Someday, probably far off in the future, science will discover a verifiable, reproducible explanation for why it is that people like me willingly subject ourselves to the torture of watching television shows that are smart and cutting-edge and challenging and thus have no hope of surviving the season on network TV. Sadly, that day has not yet arrived and thus I am still living with Cancelitis.
My latest flare-up comes in the form of a multi-nationally produced sci-fi drama that actually leaned much harder on the “sci” than the “fi” called Defying Gravity. The 2009 show about a manned space mission to explore the solar system was a joint project between ABC in America and CTV in Canada. It was notable for featuring a multi-national cast playing multi-national characters.
The Plot: About 70 years in the future, eight astronauts, four men and four women, board the Antares for a six-year cruise to visit Venus, Mercury, Mars, Jupiter, Europa, Saturn and Pluto. The show alternates between the astronauts in space and Mission Control back in Houston. Conflict comes from mysterious happenings that begin on the ship and the fact that select members of the Mission Control team seem to have a darker plan for the mission than they’re letting on. Meanwhile, characters who don’t always get along with each other are literally forced to live and work (and, let’s be honest, have sex) with each other.
And while the interpersonal tension is a major plot point, before long the astronauts are facing strange occurrences, some frightening, some awe-inspiring, tied to some kind of mysterious cargo being stored on the ship. Referred to only as “Beta” by the Earth-bound Mission Control, Beta is mucking about with the mission, literally altering the astronauts on a cellular level and causing them to come face-to-face with events from their own pasts. As Antares moves further away from Earth, the astronauts become more isolated and more fragile while Beta becomes more prominent and possibly more dangerous.
"If anyone gets a vaguely chest-bursting feeling during dinner, I'm turning this spaceship around."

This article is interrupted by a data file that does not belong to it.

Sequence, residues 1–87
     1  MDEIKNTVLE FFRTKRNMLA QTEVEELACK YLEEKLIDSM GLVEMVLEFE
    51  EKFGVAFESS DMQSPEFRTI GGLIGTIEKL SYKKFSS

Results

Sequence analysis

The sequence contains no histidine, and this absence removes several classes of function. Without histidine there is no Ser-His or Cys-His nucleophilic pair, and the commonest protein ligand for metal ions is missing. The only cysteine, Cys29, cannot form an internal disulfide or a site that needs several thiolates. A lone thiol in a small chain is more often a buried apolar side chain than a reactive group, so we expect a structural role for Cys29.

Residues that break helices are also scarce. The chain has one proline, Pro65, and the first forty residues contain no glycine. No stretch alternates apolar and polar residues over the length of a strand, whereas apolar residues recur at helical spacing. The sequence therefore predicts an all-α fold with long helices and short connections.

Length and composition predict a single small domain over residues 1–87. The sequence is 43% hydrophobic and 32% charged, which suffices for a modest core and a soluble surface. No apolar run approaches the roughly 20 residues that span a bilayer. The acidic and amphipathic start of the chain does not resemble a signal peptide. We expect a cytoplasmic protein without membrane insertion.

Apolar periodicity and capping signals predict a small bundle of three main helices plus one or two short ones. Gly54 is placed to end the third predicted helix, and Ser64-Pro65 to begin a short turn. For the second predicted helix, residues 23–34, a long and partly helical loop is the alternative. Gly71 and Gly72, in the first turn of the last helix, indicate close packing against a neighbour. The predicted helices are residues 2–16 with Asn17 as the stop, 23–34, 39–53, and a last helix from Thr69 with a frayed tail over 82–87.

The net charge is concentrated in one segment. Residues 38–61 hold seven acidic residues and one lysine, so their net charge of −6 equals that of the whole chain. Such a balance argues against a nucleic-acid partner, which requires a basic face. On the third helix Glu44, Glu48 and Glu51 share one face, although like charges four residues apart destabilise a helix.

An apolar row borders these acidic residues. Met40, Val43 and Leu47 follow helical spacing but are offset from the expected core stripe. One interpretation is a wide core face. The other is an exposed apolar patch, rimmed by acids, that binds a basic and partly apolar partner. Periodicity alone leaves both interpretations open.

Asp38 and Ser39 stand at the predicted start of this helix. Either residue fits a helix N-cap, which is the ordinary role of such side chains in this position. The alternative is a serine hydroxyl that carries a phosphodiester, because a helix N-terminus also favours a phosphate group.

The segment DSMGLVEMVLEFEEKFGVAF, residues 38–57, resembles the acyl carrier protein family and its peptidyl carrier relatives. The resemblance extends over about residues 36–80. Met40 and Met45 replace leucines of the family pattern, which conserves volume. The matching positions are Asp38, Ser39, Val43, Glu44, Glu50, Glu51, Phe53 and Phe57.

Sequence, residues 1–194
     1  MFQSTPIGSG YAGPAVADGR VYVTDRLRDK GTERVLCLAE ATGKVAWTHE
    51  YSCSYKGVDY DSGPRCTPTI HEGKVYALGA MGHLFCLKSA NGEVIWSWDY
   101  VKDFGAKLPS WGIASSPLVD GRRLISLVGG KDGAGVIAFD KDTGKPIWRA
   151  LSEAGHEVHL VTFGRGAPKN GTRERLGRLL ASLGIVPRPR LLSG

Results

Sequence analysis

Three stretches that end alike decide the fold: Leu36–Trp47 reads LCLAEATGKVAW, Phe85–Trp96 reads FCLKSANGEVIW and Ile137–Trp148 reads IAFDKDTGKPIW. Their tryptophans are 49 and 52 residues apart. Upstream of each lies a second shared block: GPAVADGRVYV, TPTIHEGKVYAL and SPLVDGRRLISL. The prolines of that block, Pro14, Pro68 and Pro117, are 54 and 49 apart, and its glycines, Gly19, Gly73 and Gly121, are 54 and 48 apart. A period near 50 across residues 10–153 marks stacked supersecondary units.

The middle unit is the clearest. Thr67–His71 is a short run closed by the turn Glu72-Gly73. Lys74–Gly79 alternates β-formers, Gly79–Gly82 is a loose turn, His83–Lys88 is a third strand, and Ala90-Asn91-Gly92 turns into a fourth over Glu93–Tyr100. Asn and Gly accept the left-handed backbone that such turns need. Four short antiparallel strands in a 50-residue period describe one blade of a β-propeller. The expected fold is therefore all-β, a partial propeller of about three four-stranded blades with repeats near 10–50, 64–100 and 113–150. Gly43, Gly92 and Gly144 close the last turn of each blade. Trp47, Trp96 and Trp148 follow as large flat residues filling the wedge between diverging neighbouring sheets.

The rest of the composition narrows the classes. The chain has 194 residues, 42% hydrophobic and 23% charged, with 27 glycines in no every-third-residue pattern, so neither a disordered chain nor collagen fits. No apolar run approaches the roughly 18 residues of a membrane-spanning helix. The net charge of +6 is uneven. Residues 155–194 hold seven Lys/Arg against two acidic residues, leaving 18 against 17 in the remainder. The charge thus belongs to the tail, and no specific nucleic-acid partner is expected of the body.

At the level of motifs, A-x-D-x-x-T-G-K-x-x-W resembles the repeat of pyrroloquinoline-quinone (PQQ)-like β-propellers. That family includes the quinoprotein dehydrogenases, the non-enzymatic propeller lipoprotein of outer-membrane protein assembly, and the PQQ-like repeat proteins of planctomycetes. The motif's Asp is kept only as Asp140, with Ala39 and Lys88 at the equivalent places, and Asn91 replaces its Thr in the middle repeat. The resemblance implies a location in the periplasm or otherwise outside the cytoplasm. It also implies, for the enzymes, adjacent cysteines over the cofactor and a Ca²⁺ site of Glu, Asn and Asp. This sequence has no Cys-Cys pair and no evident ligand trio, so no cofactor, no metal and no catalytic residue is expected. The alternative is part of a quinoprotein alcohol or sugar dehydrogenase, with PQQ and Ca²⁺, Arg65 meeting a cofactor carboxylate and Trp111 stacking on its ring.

Comparisons to other shows flew pretty fast and loose while Defying Gravity was on the air. Critics found it to be equal parts Lost, Babylon 5 and even Grey’s Anatomy, although in my opinion that last one is a bit out of left field. The show placed a high premium on telling a very modern story about science – about the only sign that this show couldn’t be set today is the show’s in-universe explanation for artificial gravity to explain why the actors don’t spend all their scenes floating – but one that would still, at its core, have a much more, ahem, alien driver.
Defying Gravity definitely had its weak points – like many first season shows, the writing started off clunky with some odd characterization and awkward dialogue while the writers got a better sense of who these characters were. Ironically, for a sci-fi show at least, one aspect that the show didn’t lack for was effects. Because the show was so grounded (if you’ll pardon the pun) in reality, there’s no beaming down to the planet, no faster-than-light travel, none of the typical sci-fi tropes that, in addition to putting a further barrier between the show and the viewer, also jack up the costs of filming. The ship, Antares, is much more akin to the present day International Space Station than it is to the starship Enterprise. The sets were built to look technical and modern, not glamorous and sleek. The computer and launch technology in particular, while cutting edge, wouldn’t be that out of place in any high-tech thriller set in today’s time.
It goes without saying that this show did not last long. For a grand total of only 13 episodes, viewers at least got the first full season, but like so many that went before it, we never got to see the resolution of all the mysteries. Unlike other “brilliant but cancelled” shows, however, Defying Gravity did actually get an ending! Sort of… Once it was confirmed that the show would not be coming back, creator James Parriott released highlights from the show’s Bible, including details about what each mystery for each main character meant and what was planned for them for the remaining years of their mission. Reading it points to one of the crucial lessons that sci-fi shows need to learn: never put all your cool set pieces in the third season. Defying Gravity learned that partway, so while there were plenty of storylines left floating about (sorry, I seem to be overly pun-y today), watching the entire series at least gives you some of the answers you wanted. All of which makes reading about where the show would have gone that much more frustrating because you can see how cool the final story would have been.
"No, it's cool. You can cancel us. I'll just wait here for the next smart science show to come along. Should arrive any minute now."
For a space opera that’s light on the opera, do yourself a favor and check out Defying Gravity.